'This already happened in the US': Experts weigh in on China's respiratory virus surge

Experts say China's current outbreak of respiratory illness is another example of what played out in the U.S. last year when COVID-19, flu and respiratory syncytial virus peaked simultaneously, allaying fears that a new virus is behind the surge. 

China is getting hit now, infectious disease experts said, because the country lifted COVID-19 mitigation measures much later than the U.S. and most other countries. This marks China's first full winter without strict measures.

"This already happened [in the U.S.] last year," Amesh Adalja, MD, senior scholar and adjunct assistant professor at Baltimore-based Johns Hopkins, told Politico in a Nov. 27 report. "This is just what you expect — when you give these respiratory pathogens a break, the number of susceptible individuals in your country goes up, and then you can get an outsized outbreak." 

In an interview with CNN, Leana Wen, MD, an emergency physician and the city of Baltimore's former health commissioner, echoed that analysis, adding, "I don't think the spike in respiratory illnesses should cause global concern" based on what is currently known. 

"What would be worrisome to the international medical community is if a new pathogen is emerging, as it did in the form of COVID-19 in the winter of 2019," Dr. Wen said. "This does not appear to be the case now."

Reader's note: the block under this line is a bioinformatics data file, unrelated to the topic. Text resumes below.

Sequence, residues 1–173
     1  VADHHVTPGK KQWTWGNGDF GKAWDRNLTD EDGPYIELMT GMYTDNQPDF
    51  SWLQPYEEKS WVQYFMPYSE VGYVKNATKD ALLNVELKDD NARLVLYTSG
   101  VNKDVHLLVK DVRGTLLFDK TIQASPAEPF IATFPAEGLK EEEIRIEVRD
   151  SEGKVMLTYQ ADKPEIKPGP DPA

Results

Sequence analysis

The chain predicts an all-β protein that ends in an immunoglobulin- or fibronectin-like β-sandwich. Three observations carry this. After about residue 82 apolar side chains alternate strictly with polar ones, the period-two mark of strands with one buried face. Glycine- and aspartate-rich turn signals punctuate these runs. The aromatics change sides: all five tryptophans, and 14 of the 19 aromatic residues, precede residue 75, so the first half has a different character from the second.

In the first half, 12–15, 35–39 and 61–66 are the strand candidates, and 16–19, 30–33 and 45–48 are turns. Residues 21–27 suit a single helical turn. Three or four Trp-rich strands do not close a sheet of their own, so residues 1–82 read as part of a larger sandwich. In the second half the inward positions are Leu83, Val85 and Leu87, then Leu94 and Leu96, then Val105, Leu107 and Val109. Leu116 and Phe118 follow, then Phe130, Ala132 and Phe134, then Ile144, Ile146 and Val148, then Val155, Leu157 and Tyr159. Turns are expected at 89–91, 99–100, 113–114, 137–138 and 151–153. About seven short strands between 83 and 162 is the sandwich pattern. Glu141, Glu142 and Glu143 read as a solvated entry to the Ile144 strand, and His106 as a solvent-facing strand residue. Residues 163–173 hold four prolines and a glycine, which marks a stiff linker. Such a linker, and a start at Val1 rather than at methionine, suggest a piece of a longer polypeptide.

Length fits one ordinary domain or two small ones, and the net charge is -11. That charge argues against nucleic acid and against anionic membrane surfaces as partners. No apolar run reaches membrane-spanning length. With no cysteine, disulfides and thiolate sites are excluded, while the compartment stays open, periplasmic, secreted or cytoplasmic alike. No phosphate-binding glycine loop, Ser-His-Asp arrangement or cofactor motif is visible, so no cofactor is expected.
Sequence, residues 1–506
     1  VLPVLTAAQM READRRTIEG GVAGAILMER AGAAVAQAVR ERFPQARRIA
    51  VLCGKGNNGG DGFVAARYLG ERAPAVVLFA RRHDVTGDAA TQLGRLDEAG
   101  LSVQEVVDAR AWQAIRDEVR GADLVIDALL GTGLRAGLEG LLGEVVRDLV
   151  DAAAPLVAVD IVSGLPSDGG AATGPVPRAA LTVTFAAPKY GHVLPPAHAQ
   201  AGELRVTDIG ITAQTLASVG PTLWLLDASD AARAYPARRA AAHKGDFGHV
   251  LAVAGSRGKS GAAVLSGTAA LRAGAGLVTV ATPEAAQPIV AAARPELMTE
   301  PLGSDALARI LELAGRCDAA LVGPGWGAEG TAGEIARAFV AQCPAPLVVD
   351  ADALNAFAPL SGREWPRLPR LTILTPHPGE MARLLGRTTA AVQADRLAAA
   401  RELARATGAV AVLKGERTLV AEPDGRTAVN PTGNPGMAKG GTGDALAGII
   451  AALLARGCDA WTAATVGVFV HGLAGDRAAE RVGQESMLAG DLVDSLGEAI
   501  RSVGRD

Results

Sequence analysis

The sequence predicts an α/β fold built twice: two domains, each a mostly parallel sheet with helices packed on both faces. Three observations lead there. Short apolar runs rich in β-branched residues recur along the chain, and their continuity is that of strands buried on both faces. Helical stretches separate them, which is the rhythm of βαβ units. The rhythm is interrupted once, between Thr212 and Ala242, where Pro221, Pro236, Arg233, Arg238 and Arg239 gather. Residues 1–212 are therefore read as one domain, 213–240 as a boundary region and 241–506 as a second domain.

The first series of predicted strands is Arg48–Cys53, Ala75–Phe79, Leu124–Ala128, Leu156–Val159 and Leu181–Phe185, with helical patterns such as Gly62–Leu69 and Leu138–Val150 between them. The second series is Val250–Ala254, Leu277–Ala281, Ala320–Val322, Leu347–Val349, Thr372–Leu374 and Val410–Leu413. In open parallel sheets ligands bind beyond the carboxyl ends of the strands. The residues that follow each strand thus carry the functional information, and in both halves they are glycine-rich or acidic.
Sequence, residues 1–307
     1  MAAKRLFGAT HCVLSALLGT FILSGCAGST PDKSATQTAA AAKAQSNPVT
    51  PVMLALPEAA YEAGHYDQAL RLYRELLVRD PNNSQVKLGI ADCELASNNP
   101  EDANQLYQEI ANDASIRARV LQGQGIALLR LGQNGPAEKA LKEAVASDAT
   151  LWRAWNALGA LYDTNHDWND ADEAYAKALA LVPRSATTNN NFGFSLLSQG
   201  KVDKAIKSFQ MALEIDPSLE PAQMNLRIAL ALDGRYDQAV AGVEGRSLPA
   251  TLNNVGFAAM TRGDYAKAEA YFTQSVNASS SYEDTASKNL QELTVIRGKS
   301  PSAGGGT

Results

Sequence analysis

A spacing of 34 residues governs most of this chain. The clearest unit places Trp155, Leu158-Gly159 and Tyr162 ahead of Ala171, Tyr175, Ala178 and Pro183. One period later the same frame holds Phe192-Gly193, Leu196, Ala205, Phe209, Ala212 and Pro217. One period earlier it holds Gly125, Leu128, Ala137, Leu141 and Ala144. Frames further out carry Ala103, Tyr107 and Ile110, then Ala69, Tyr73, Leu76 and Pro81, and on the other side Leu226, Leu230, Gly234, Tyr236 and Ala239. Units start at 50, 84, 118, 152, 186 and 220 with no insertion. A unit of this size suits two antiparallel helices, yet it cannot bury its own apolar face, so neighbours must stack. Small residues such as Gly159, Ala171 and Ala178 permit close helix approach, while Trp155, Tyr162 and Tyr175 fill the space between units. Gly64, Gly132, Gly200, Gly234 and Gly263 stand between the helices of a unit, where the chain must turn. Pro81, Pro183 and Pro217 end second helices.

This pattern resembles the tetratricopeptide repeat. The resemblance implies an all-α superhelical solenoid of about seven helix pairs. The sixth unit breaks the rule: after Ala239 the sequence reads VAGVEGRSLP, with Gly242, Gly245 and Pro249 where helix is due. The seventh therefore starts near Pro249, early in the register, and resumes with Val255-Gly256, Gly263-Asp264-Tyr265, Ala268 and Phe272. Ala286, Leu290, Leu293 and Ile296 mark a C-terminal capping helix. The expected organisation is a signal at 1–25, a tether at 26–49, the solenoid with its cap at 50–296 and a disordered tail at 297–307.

The World Health Organization requested information from China on Nov. 22 in response to unspecified media reports and surrounding "undiagnosed pneumonia" at children's hospitals in Northern China, drawing the attention of infectious disease experts. A day later, Chinese health authorities presented data that showed an unusual or novel pathogen was not the cause. Instead, they provided the WHO with data attributing the increase in respiratory diseases to the lifting of COVID-19 restrictions. The rise in pneumonia cases is due to a number of known respiratory viruses that are spreading, as well as mycoplasma pneumoniae, Chinese authorities said. 

China's lack of transparency surrounding COVID-19 data and delay in alerting global authorities about the virus has left many asking: Can the data be trusted? 

"I always think the key is, to quote President Reagan, 'trust but verify,'" Ashish Jha, MD, the former White House COVID-19 response coordinator, told Politico. The U.S. has its own verification symptoms in place, including data on travelers, "to make sure we are not seeing anything different," he added. 


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